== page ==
You are browsing a read-only backup copy of Wikitech. The live site can be found at wikitech.wikimedia.org
This page documents the internal and external data sources that Analytics uses, the information stored within them, and how to get access.
Access to WMF machines
To be able to access a number of internal data sources (such as logs, replicas of the production databases, EventLogging data) as well as machines used for data crunching (e.g.
stat1003), you will need to request shell access.
If you're looking for access to a service or machine that you don't currently have permission to use, the process is relatively simple. See Requesting shell access for details. Note that you will always need explicit bastiononly access. Mention this in the ticket; it's occasionally missed. Gerrit:227327 will fix this, but as of writing is not merged.
When submitting your access request, please specify what access group you need to be added to. Here's a summary of groups you might need (as of 2014-09):
- Access to /srv/passwords/research and /etc/mysql/conf.d/research-client.cnf on stat1003 (credentials for the SQL slaves)
- Access to stat1003 for number crunching and accessing non private log files hosted there.
- Access to stat1002 where private webrequest logs are hosted.
- Access to stat1004 to connect to the Analytics/Cluster (Hadoop/Hive) (NO PRIVATE DATA).
- Access to stat1002 and stat1004 to connect to the Analytics/Cluster (Hadoop/Hive) and to query private data hosted there, including webrequest logs. If you want Hadoop access, you probably want this.
The list of users currently in each group is available in this configuration file (other groups such as statistics-admins, analytics-admins, eventlogging-admins, statistics-web-users should not be required for tasks other than system maintenance/administration).
Server access responsibilities
People with access to our private data stores are expected to have signed the Non-Disclosure Agreement, and to adhere to the server access responsibilities. Most crucial are the sections on security and the handling of sensitive data. Please read these guidelines before doing anything; access can and will be removed if you fail to live up to your responsibilities.
Data sets and data streams can be found in Category:Data_stream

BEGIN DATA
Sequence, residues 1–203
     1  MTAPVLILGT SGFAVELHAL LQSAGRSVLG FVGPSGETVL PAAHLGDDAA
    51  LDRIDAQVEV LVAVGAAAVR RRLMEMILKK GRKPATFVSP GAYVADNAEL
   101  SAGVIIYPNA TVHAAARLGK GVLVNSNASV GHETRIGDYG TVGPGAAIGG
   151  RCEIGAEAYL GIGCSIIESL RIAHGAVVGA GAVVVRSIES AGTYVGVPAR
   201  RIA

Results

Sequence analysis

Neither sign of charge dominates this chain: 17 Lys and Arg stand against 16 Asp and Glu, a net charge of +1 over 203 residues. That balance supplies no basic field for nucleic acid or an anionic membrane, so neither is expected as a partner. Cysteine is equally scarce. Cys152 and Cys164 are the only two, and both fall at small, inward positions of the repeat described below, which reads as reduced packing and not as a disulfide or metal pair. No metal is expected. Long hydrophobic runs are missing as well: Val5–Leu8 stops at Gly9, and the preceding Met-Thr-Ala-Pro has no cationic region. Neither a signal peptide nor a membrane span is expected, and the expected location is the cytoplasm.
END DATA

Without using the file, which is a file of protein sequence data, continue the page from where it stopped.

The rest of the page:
MediaWiki data (private/large-scale)
A lot of our work is based on data stored within MediaWiki itself - not dedicated analytics logging, but just things that are needed for the wiki to do its job. Examples of this would be:
- You want data about users' edit counts. Consult the "user" table.
- You want data about edits to a particular page. Consult the "revision" table.
- You want data about account creations. Consult the "logging" table.
Much of this data is only accessible from inside the database - other pieces that are publicly accessible through the API (for example, linking usernames to userIDs) can still be faster to gather internally if you have a large request.
MediaWiki data (public)
Some pieces of MediaWiki data are not only public, but only really accessible publicly. The primary example of this is the actual content of pages and revisions, which isn't available in the analytics databases. Instead, it's made available through the API. This content can also be found in the XML dumps of our projects, which are described in the database dumps section below.
High-volume MediaWiki data
A couple of MediaWiki extensions generate so much data that, regardless of what wiki the data is coming from, they're actually stored in a completely different cluster of databases - the X1 cluster. As with the normal databases, there is a dedicated analytics slave for this data.
The only current examples of extensions that rely on this cluster are Echo (the notifications system) and Flow (the new discussion system). Both are stored in slightly different ways, which is discussed in the section on the analytics slaves.
One analytics-specific source of data is EventLogging. This allows us to track things we're interested in as researchers that MediaWiki doesn't normally log. Examples would be:
- A log of changes to user preferences;
- A/B testing data;
- Clicktracking data.
These datasets are stored in their own database, the 'log' database, which is described in the "Analytics slaves" section below. The schemas that set out each table, and what they contain, can be found on Meta in the Schema namespace.
An important piece of community-facing data is information on our pageviews; what articles are being read, and how much? This is currently stored in our Hive cluster. See the detailed documentation here.